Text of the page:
DMin, Leadership and Global Perspectives: Crafting Ministry in an Interconnected World

“But still — may the cup of crisis pass from us, and soon.”

Written by: on March 22, 2018

Ross Douthat, a Catholic convert at 17, writes the compelling text Bad Religion, How We Became a Nation of Heretics (heretics defined as a person holding an opinion at odds with what is generally accepted) in which he challenges the reader to feel safe and empowered to be political without being partisan.  Much like author James Hunter, Douthat decries Christians who are so stuck in their morality and partisanship that they are unwilling to question or stand up for a belief that is contrary to their chosen political party.  As an example, he points to a democrat like John F. Kennedy who was prolife (which was acceptable at the time but would now be considered blasphemous.)  “His comfort with complexity, and with those who disagree with him—along with his somewhat unconventional upbringing, his unorthodox ideas on abortion law, and his embrace of both popular culture and highbrow literature—make him a surprising conservative writer. More surprising than most of his Timesreaders would ever know, and compelling in ways his fellow conservatives may not like to admit.”[1]  While Hunter encouraged Christians to completely step away from politics, and move into faithful presence, Douthat encourages involvement, as long as Christians find moments where there are sides of contradiction – “here is an issue in which it’s clear that my highest loyalty is to the New Testament rather than the Republican Party platform.” Douthat sees political polarization as detrimental to our culture and faith. “The party system has split along racial, cultural, and religious lines, creating a kind of tribal system where each party’s supports regard the other side with incomprehension and loathing.”[2]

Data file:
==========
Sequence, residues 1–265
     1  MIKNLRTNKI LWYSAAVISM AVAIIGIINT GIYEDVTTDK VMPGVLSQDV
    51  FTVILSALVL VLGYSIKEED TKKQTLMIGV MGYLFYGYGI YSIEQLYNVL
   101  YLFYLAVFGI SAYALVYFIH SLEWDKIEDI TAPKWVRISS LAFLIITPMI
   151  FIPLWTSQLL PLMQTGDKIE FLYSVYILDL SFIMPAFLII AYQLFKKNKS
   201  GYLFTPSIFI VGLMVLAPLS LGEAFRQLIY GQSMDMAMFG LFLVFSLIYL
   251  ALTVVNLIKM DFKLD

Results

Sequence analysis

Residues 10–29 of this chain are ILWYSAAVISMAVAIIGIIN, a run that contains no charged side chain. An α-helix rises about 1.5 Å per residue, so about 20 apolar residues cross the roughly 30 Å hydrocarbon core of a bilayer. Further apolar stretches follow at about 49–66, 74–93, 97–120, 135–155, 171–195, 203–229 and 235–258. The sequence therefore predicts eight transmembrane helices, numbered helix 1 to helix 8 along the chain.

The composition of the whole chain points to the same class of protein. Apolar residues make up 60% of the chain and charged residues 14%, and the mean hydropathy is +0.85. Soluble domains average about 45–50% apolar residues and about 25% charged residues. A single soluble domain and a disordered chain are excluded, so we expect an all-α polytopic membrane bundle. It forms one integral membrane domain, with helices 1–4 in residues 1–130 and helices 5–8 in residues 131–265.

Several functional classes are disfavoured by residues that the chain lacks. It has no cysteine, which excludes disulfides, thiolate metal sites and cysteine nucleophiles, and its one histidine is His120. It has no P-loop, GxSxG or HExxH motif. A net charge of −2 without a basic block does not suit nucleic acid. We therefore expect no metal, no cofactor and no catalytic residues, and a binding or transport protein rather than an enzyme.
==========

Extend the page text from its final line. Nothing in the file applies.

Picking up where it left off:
Even with his conservative positioning, I appreciate and value Douthat’s commonsense (and biblical) approach to discernment.  He is willing to step aside from the Republican agenda if it makes sense – and is biblical.  He speaks eloquently regarding the conservative stance on homosexuality and abortion as he states Christians should “be more wholistic with moral outrage” and include wealth, prosperity preaching, pornography, divorce, etc. as “equally” sinful.  If they are not regarded as equal, conservatives should step away from the debate.  Regarding politics, and as a perfect lead-in to Douthat’s views on refugees resettling in the United States, he makes the following brilliant assertions in his Breakpoint podcast:[3]

  • “Politics is downstream from culture.”